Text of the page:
The Arctic is cast in many roles by many people these days. The beauty of Operation Nanook, the "sovereignty and presence patrolling exercise" currently playing out in the High Arctic, is that all Canadians can and should applaud it.
Some purveyors of polar peril see the Arctic as a region on the precipice of international conflict. Unsettled boundary disputes, dreams of newly accessible resources, legal uncertainties, sovereignty concerns and an alleged Arctic "arms race" point to the "use it or lose it" scenario repeatedly raised by Prime Minister Stephen Harper and his government. A display of Canadian Forces capabilities certainly fits this script. Soldiers from 32 Canadian Brigade Group in Ontario, deployed north as an Arctic Response Company Group, are joined by Canadian Rangers to provide "boots on the ground" in Resolute, Pond Inlet and other Qiqiktani communities. Three naval ships, a dive team, helicopters and transport and patrol aircraft round out this visible demonstration of Canada's military capabilities.
On the other hand, commentators who emphasize that the circumpolar world is more representative of co-operation than competition can hold up Operation Nanook as an appropriate exercise of Canada's capabilities. We are exercising our sovereignty by inviting our closest neighbours, the Danes and the Americans, to participate. We are putting aside the well-managed disputes over tiny Hans Island, the oil-rich Beaufort Sea and the Northwest Passage and working with the U.S. Navy, the U.S. Coast Guard and the Royal Danish Navy to enhance our ability to operate together. After all, why would Canada think it needs to stand alone in the face of common security and safety concerns, such as oil spills or search and rescue?
Senior officials in Foreign Affairs, and the government's Northern Strategy, released last summer, insist that our sovereignty is not in question. This confidence affords us the space to work with our allies. A military presence in the Arctic is not essential to our sovereignty, but operations like this one allow the Canadian Forces to develop the capabilities necessary to fulfill its domestic mission and operate in all parts of the country. Building awareness of the region also helps generate the domestic support that the federal government needs to implement the Northern Strategy.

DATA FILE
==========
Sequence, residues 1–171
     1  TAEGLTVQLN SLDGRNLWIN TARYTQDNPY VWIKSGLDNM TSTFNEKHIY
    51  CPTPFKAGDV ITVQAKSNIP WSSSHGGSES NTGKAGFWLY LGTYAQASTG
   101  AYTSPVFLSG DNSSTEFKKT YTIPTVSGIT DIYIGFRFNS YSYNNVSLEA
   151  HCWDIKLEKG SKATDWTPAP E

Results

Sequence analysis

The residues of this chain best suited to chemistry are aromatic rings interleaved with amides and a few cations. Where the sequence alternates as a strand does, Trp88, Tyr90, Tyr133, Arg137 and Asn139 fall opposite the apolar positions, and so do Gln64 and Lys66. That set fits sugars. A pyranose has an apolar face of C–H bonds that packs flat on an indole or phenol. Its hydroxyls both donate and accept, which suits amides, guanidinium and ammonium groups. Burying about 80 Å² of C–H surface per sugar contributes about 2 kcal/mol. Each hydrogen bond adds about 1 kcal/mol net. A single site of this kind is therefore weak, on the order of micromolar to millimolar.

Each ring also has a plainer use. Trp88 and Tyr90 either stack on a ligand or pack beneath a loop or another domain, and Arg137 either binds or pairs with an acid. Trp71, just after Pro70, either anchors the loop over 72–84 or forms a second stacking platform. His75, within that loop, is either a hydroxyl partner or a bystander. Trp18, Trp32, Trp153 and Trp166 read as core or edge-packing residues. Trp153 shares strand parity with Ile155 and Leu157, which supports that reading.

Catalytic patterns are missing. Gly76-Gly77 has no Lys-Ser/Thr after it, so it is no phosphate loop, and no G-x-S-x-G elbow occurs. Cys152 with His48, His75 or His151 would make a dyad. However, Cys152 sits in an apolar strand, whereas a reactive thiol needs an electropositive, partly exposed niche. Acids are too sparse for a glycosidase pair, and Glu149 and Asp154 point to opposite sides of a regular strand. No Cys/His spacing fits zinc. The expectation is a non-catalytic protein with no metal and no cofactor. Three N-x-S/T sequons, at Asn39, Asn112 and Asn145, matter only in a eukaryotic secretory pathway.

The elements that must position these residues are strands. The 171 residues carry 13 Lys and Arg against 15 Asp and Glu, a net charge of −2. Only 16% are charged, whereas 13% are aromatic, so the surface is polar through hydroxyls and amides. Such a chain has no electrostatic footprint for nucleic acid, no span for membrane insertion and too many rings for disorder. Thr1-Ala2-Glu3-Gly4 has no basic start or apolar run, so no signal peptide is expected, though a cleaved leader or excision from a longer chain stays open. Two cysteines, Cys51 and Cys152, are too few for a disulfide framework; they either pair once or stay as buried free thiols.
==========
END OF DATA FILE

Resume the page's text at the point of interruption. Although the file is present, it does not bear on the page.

Canadians must remember that the Arctic is a homeland. The Inuit of the Qiqiktani region, who have frequently reminded the government that sovereignty begins at home, play an active role in Operation Nanook. They are well represented in the Canadian Rangers: men and women from remote and isolated communities who volunteer as Canadian Forces Reservists in an unorthodox but important unit. In Resolute and Pond Inlet, Rangers are guiding and teaching southern soldiers how to operate in their Arctic homeland. This is a story of grassroots patriotism and of cross-cultural relationship-building.
Operation Nanook does not have the drama of Russian bombers (allegedly) violating Canadian airspace, or the paranoia of rogue ships or submarines undermining our control over internal waters. It is a demonstration of Canada's well-established sovereignty, and a stage for the Canadian Forces to work with its allies - both internal and international - to ensure the security and safety of Canadians.
Whitney Lackenbauer is associate professor of history at the University of Waterloo and Fulbright Scholar at the School for Advanced International Studies at Johns Hopkins University this fall.